With the prospect of only one month left until the beginning of a new school year I figured it was time to get a longer book off of my TBR shelf. For this feat I decided to read Helene Wecker’s debut novel The Golem and the Jinni, as it runs just shy of 500 pages and I’ve heard nothing but praises about it. Did I enjoy reading 484 pages before the start of a new term? Keep on reading to find out my thoughts and opinions.
Telling the story of two displaced magical creatures, The Golem and the Jinni follows Chava, a golem, and Ahmad, a jinni, as they navigate through the streets of New York
in 1899. Becoming unlikely friends, Chava and Ahmad weave in and out of subjects such as race, religion, friendship and heartbreak until an event threatens to tear them apart. When a powerful threat to enslave the pair for their own dark bidding, Chava, Ahmad, and the friends they’ve met along the way must band together to stop the dark fate that waits for them at the end of the line.
I finally decided, after numerous recommendations, to pick up this book, and boy oh boy was I not disappointed.
First and foremost I chose to listen to The Golem and the Jinni rather than lug the 484 page behemoth around with me. The narrator of the audiobook kept my ears glued to the story, and if you get the chance I highly recommend it.
I did notice, when I was first carrying this book around to mark my progress, that the cover is incredibly fragile, and that the only complaint I have about this stunner is that I already have fraying on the corners.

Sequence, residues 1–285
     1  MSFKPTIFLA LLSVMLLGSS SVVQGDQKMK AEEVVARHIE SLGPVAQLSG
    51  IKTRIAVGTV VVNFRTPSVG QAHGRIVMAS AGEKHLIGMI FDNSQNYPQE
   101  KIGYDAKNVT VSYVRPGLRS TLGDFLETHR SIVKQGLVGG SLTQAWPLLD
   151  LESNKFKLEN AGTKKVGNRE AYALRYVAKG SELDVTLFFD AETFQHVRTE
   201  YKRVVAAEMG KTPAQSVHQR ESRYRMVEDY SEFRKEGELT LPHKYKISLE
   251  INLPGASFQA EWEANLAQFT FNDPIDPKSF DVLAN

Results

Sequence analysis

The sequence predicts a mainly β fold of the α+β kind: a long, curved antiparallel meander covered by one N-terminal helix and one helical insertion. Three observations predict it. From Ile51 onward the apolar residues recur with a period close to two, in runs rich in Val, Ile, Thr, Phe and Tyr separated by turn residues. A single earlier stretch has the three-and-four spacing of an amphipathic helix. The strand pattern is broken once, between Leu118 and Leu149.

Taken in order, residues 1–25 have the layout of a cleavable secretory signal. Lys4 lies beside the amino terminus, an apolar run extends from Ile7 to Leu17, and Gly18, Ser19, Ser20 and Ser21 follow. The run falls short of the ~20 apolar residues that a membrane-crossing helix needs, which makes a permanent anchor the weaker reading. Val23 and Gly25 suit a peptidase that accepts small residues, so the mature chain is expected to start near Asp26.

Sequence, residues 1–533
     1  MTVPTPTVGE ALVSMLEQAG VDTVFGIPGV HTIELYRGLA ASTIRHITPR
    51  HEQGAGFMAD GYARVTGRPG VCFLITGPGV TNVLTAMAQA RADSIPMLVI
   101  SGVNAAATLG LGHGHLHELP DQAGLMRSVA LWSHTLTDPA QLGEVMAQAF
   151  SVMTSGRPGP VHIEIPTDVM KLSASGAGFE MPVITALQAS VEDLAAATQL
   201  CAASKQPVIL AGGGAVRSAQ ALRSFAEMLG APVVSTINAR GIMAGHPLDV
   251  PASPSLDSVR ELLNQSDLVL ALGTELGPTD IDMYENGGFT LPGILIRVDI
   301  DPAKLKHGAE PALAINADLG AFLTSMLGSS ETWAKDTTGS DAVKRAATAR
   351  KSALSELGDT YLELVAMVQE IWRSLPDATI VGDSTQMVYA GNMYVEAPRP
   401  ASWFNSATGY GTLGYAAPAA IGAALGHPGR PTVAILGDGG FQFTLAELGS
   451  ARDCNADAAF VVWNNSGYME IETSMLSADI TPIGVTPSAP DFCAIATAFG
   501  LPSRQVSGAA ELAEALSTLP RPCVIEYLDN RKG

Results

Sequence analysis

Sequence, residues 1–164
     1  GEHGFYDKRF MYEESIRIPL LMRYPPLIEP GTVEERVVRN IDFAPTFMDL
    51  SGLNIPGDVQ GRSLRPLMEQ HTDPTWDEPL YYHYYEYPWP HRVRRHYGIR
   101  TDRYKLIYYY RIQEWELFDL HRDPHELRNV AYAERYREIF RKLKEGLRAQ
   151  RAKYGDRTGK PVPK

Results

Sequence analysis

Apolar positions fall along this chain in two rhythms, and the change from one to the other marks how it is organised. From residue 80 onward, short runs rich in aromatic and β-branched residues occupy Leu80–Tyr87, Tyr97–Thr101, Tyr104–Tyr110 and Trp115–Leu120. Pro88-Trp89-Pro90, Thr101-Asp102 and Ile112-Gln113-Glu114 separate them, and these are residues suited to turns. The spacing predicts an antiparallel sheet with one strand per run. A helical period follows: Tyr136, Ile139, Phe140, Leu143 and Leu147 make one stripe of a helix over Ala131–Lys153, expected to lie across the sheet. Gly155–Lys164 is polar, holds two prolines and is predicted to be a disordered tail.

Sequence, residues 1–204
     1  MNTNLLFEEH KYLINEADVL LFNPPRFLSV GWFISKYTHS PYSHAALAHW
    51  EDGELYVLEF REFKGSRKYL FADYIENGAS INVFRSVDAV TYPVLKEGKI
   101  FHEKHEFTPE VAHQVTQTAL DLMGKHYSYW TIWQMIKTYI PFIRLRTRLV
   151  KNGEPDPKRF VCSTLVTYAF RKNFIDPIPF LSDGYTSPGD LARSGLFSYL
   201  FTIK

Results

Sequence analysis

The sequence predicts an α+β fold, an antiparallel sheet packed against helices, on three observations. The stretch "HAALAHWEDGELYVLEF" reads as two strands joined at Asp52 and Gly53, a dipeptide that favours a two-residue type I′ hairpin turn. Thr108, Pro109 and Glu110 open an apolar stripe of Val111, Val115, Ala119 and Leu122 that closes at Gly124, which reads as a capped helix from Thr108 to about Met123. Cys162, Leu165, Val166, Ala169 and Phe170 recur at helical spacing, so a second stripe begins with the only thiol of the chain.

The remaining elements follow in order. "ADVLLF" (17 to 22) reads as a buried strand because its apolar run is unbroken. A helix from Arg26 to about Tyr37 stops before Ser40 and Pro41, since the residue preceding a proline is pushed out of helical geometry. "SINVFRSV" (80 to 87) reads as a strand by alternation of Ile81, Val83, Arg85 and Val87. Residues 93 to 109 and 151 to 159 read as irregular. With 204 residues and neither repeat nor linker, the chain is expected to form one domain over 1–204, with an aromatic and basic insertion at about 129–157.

The story itself was beautifully written, with layer upon layer intricately woven together to create a slow burning but satisfying story. Due to its slow nature, I felt that the audiobook kept me interested enough to push through the dull bits.
What I really enjoyed about the novel is the historic setting. Wecker was able to explore both immigration and humanity by setting her debut in 1899 New York, and it genuinely made me want to read up about the time period in which she chose.
I also rather enjoyed Wecker’s ability to weave both Jewish and Arabian folklore in such a way that I felt that I was reading about these literary figures for the first time.
My only other complaint with this book is I didn’t find Schaalam to be the most terrifying of villains, but I just recently discovered that this book is the first in a series so hopefully his character becomes more menacing as the series goes on.
Overall Rating: 4 out of 5 stars.